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  • July 11, 2014 - Reflections

    By Jean S. Horner
    The other day while walking down a corridor in a public building, I saw what appeared to be someone walking toward me. On coming closer, I found it was my own reflection in a huge mirror. For a moment it frightened me. Somehow a full-length reflection of one’s self is a startling thing. ...




Around the Dinner Table

By Jan Cline
Feb. 19, 2012

I remember dinnertime when I was a child. My mother was a stay-at-home mom, as most were in those days. We had dinner as a family every night after Dad came home from work. It was a ritual shared by everyone on our block. We knew no other way to have the evening meal, except for the occasional dinner on a TV tray when we were sick.

After my father passed away and my sister moved away from home, I missed those times. I was busy with school, music concerts, friends and youth group. I regret not having spent more time at the dinner table — even if it was just my mom and me.

When I married and had children of my own, we adopted the practice of sitting down together every evening. It was very important to us to gather the children in one place at the same time. The dinner table was sometimes the only time we had to spend together all day. Catching up on the news and keeping track of activities were done in less than an hour, thanks to sharing a meal together. Adhering to certain rules — such as no texting, no TV, no electronic games and no arguing — was often a challenge. But we persevered.

Creating a strong family life centered on God requires time spent together. The demands of sports, school activities, after-school jobs and even church activities can cut into the dinner hour. Communicating Christian principles to our children is difficult when they aren’t around.

The hustle and bustle that fills our lives today is carving away at time spent with our children. It takes commitment and agreement by the whole family to devote at least three nights a week to family dinners, but it’s a compromise well worth the sacrifices.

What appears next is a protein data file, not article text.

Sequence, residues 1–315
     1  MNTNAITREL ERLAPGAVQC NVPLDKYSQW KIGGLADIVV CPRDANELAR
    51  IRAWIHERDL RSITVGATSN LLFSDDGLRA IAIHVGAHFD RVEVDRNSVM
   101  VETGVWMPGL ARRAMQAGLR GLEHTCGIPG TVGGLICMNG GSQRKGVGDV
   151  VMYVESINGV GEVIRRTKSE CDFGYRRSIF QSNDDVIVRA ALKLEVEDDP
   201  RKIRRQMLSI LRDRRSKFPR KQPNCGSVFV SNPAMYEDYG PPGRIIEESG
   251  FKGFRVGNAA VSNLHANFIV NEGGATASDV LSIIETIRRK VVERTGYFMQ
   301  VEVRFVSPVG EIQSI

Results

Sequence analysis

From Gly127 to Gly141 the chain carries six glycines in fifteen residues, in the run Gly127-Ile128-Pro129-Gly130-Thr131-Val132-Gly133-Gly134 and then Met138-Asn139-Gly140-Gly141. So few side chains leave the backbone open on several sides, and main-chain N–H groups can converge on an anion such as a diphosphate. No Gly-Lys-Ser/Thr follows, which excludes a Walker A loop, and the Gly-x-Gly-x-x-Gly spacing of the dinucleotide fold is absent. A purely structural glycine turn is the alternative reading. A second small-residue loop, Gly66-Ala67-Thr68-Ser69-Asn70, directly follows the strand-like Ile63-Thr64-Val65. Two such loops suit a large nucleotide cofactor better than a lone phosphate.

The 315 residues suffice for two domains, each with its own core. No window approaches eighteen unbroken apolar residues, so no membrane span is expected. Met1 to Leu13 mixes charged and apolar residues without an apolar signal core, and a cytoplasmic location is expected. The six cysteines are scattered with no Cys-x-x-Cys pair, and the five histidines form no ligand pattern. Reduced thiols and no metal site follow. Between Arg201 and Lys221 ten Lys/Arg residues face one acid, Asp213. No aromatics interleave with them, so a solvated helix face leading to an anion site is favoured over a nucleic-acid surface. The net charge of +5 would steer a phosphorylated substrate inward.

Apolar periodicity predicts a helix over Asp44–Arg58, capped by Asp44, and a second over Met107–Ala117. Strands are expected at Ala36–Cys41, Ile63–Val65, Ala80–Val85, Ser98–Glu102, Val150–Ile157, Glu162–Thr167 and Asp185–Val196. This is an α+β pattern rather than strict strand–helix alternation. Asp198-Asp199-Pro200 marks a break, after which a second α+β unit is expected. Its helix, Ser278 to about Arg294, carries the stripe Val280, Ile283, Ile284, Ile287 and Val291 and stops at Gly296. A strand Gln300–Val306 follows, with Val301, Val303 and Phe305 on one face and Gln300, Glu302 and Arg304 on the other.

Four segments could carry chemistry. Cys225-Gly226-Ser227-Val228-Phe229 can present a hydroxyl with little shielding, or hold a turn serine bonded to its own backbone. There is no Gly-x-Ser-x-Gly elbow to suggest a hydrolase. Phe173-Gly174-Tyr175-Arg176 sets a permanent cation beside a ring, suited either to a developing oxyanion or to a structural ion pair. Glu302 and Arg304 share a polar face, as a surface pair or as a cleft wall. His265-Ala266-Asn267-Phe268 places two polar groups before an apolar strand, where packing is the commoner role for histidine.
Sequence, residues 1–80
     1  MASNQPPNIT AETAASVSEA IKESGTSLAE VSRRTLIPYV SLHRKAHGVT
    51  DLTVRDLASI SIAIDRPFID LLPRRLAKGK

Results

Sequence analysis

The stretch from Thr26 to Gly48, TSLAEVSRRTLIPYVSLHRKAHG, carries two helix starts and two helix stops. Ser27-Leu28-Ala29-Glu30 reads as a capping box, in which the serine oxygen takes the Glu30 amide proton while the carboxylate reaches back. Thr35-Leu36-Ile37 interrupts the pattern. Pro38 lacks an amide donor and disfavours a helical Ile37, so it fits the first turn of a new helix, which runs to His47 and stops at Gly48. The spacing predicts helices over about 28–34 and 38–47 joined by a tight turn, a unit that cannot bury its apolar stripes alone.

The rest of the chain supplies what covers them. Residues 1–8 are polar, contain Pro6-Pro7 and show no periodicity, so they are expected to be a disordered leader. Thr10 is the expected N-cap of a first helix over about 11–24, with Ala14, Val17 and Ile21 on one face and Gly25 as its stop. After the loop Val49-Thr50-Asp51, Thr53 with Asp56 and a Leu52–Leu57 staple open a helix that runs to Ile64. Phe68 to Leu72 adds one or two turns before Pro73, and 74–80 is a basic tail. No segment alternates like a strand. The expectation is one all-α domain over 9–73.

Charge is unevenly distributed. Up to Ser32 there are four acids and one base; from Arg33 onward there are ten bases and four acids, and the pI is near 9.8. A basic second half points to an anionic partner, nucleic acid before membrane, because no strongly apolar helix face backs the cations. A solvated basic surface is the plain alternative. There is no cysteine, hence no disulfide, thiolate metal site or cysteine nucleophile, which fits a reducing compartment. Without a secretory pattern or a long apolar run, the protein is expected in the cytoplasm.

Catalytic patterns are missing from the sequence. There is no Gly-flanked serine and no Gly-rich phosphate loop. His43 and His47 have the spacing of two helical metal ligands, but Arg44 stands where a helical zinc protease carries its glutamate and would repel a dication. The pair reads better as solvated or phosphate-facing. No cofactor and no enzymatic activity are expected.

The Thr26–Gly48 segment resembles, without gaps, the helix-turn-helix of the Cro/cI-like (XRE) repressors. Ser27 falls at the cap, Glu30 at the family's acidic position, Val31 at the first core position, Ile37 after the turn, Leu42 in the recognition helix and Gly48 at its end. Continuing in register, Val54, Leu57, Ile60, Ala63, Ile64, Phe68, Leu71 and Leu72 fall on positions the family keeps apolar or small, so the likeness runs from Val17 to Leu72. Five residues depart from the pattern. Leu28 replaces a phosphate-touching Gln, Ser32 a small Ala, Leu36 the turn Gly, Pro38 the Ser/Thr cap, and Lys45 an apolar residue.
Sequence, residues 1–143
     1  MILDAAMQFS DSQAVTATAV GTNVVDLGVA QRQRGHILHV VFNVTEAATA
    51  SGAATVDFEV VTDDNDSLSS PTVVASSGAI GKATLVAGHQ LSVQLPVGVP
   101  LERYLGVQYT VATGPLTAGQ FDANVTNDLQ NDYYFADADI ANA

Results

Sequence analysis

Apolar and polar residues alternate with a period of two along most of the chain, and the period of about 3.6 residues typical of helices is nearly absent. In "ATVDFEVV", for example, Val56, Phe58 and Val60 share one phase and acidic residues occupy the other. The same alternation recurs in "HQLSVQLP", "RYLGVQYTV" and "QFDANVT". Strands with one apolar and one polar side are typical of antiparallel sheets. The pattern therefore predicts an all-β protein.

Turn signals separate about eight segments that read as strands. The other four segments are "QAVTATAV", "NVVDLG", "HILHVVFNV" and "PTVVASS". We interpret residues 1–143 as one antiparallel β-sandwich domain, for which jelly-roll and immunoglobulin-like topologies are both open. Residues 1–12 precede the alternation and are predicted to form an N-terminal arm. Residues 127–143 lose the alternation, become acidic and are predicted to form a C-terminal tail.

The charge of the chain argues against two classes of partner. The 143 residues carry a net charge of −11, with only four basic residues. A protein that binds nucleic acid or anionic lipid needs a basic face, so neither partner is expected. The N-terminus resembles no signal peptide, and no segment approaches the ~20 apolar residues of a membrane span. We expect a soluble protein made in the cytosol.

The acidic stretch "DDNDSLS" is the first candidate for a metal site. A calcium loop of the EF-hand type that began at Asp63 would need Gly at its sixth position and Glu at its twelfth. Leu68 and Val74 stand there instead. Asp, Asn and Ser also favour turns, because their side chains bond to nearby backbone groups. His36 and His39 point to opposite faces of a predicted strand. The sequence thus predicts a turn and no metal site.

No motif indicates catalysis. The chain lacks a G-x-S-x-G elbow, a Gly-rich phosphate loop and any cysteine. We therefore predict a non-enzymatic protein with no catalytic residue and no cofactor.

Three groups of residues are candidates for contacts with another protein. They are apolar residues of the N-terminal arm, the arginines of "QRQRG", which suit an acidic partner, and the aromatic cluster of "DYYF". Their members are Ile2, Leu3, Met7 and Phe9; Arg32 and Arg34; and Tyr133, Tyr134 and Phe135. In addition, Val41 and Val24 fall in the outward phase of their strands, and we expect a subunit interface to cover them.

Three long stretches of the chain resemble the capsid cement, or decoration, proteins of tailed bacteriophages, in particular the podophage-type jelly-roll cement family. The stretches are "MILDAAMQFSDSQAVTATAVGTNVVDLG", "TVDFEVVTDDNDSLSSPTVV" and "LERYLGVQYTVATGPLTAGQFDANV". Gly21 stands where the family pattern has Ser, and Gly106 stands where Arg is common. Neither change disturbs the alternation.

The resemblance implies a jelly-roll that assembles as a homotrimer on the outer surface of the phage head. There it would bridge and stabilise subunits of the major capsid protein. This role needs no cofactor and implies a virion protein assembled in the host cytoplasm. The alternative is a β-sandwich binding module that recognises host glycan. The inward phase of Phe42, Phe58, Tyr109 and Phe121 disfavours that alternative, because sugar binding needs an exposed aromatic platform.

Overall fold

I recall a TV commercial that asked, “It’s 10 o’clock. Do you know where your children are?” I would ask a similar question: “It’s dinnertime. Do you know what your child is eating?” That may be an odd way of putting it, but nutrition has become a major concern for children in America today.

Fast food is a tempting replacement for a healthy meal when the “busy-ness” of life consumes us. The home-cooked meal is just another family tradition in danger of extinction. There are many benefits to gathering around the table that many may not have considered.

The National Center on Addiction and Substance Abuse (CASA) at New York City’s Columbia University has done a study on the issue of family dinners. Here is a quote from their findings:

“The researchers found essentially that family dinner gets better with practice; the less often a family eats together, the worse the experience is likely to be, the less healthy the food and the more meager the talk. Among those who eat together three or fewer times a week, 45 percent say the TV is on during meals (as opposed to 37 percent of all households), and nearly one-third say there isn’t much conversation. Such kids are also more than twice as likely as those who have frequent family meals to say there is a great deal of tension among family members, and they are much less likely to think their parents are proud of them.”

Studies show that when families make a point of eating together more often, the kids are less likely to smoke, drink, do drugs, get depressed, develop eating disorders and consider suicide. Similarly, they are more likely to do well in school, delay sexual activity, eat nutritious foods, and even practice good table manners.

It goes without saying that a parent’s spiritual influence is also diminished when there is little or no time spent with the children. Christian families can fall into the same trap as the rest of the world, and our children suffer the consequences. It may seem like a daunting task to renew the tradition of family dinnertime in your home, but avoiding statistics like those mentioned above is a great motivator.

It’s never too late to carve family time into our busy lives. We know that God desires a strong family, and He is faithful to guide and support our decision to make a way. These are difficult times for the family unit. The Christian family has a higher calling — one that will call the world to Christ. Strange as it may sound, it might just start at your dinner table.


JAN CLINE lives in Spokane Valley, Wash.

 

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